SO401 and SO 402 Sociology Research I and II

                                                                    Dr. Dobbertin

This is the capstone course in the Sociology program and the course in which you bring together skills and knowledge gained throughout your college program.  In this course you demonstrate your intellectual abilities as a person about to become a college graduate.  You will want to give considerable energy and effort to make the your senior research paper and presentation the absolute best you can do. 


You will have two semesters to compete the project.  Most students start reading and writing in preparation for this major project in the spring semester of their junior year. 


This project is excellent preparation for reports you will probably have to write in future employment and for graduate work, if you continue your formal studies. This course will challenge your character and work habits perhaps more than to your intellectual ability. You will need organizational abilities to schedule your own work, discipline to stick to your schedule, imagination to create your own project, ability to work with others to give and receive suggestions, humility to ask for help when you need it, and, most important, courage to plunge ahead in a project without having a clear idea of the form and shape of the outcome.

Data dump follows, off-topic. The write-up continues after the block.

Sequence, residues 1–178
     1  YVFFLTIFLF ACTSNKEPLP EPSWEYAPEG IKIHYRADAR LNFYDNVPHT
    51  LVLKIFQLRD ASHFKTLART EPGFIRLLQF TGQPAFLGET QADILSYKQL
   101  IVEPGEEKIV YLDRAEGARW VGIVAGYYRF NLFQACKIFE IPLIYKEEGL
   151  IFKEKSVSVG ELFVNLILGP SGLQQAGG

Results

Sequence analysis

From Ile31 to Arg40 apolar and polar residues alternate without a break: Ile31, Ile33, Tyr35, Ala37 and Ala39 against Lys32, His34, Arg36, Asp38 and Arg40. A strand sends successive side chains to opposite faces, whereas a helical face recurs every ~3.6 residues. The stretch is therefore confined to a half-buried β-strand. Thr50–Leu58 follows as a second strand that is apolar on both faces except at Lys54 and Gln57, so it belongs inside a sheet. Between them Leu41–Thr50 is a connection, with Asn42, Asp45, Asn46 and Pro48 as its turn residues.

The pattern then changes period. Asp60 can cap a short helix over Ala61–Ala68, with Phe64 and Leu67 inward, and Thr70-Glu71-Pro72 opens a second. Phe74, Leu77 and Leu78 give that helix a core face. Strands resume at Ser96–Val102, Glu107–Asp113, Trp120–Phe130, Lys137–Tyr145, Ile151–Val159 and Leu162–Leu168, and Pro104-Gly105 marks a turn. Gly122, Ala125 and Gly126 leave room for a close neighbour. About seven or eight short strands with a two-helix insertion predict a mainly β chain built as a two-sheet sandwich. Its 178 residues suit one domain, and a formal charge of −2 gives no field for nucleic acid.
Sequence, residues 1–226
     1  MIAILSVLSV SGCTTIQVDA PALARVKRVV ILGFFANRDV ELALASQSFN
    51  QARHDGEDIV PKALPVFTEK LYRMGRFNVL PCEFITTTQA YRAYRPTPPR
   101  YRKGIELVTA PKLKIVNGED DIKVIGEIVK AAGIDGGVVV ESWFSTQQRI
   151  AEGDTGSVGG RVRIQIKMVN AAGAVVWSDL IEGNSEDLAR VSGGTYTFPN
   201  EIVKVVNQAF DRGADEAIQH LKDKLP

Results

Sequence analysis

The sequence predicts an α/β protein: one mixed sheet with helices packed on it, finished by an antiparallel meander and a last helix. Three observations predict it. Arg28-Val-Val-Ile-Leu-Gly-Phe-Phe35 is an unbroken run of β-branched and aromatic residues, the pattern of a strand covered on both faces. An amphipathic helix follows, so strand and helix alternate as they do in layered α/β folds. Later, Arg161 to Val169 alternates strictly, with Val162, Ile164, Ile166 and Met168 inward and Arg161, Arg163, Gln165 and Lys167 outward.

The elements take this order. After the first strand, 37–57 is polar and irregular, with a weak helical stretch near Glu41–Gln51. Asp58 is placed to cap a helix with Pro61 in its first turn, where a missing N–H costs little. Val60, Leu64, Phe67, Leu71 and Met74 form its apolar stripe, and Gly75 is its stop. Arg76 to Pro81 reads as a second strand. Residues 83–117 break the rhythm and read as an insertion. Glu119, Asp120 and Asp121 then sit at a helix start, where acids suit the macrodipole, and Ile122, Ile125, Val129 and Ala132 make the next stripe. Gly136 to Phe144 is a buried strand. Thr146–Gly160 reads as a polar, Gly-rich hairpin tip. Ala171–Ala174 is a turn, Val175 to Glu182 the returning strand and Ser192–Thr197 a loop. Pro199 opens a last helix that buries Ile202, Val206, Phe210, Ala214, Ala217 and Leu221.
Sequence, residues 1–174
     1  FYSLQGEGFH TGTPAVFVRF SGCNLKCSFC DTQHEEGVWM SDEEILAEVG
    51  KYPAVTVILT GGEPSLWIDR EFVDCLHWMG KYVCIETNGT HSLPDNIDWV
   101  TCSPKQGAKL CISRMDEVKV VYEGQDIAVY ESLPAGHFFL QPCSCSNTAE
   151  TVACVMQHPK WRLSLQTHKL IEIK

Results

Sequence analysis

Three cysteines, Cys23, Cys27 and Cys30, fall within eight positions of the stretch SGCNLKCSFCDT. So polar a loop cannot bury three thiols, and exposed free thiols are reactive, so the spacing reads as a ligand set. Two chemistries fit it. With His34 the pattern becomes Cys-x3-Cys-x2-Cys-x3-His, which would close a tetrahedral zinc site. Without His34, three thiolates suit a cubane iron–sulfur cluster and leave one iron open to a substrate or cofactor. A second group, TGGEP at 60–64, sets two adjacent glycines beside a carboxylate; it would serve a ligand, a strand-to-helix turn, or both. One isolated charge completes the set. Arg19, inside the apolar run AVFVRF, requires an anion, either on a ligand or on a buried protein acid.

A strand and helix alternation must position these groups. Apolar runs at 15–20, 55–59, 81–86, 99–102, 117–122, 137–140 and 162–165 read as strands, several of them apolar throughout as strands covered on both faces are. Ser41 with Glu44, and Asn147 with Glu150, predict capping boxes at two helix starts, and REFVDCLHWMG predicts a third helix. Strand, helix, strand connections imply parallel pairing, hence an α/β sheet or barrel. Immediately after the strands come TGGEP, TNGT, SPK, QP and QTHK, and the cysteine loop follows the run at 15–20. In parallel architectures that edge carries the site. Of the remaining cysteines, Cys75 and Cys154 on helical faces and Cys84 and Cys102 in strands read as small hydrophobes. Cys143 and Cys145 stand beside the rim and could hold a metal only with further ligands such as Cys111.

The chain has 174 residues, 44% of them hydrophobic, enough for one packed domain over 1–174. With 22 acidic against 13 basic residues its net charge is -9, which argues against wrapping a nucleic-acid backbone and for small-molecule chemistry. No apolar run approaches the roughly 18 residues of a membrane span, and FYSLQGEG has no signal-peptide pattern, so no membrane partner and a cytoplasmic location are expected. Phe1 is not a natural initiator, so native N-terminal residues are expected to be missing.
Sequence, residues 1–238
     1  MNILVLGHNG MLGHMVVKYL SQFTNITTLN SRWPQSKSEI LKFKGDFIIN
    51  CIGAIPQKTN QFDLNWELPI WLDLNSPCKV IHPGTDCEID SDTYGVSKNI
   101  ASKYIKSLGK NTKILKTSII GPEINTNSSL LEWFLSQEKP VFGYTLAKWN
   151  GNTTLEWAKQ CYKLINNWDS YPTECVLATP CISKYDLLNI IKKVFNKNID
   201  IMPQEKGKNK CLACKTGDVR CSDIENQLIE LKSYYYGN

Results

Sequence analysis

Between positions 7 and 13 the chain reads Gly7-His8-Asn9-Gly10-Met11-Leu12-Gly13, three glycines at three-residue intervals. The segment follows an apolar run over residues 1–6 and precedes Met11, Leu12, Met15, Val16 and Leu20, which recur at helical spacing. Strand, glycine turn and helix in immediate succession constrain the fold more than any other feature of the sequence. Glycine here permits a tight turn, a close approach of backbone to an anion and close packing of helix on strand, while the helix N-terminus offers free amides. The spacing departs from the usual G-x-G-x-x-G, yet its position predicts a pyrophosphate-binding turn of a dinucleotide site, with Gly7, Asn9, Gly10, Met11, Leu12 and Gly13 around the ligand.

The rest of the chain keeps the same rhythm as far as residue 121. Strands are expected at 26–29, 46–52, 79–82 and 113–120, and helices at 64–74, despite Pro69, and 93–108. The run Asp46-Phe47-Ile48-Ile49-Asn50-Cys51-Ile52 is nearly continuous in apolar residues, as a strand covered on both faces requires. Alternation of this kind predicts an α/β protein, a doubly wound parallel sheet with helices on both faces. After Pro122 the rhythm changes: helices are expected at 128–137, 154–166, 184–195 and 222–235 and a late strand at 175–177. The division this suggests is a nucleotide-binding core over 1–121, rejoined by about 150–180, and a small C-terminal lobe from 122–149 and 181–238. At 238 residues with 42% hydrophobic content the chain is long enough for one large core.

The Sociology Research Paper

The major product of this course is a sociological research paper and presentation.  It is completed in stages, each step more clearly defining the final product.Through a library search last spring, you have transformed your general area of interest into a research proposal. During this fall semester, you will read and reflect upon sociological theory and research directly related to your hypothesis and will write the "Review of Literature" chapter summarizing these. This will be completed and presented to the class during the tenth week of fall semester.  During the remaining weeks of Fall semester you will write a draft of your plan for conducting research, using your texts on research methods and statistics, and other resources as are necessary. During spring semester, you will secure approval for your project, conduct the research and analyze the data, using inferential and/or descriptive statistics. The final report will consist of: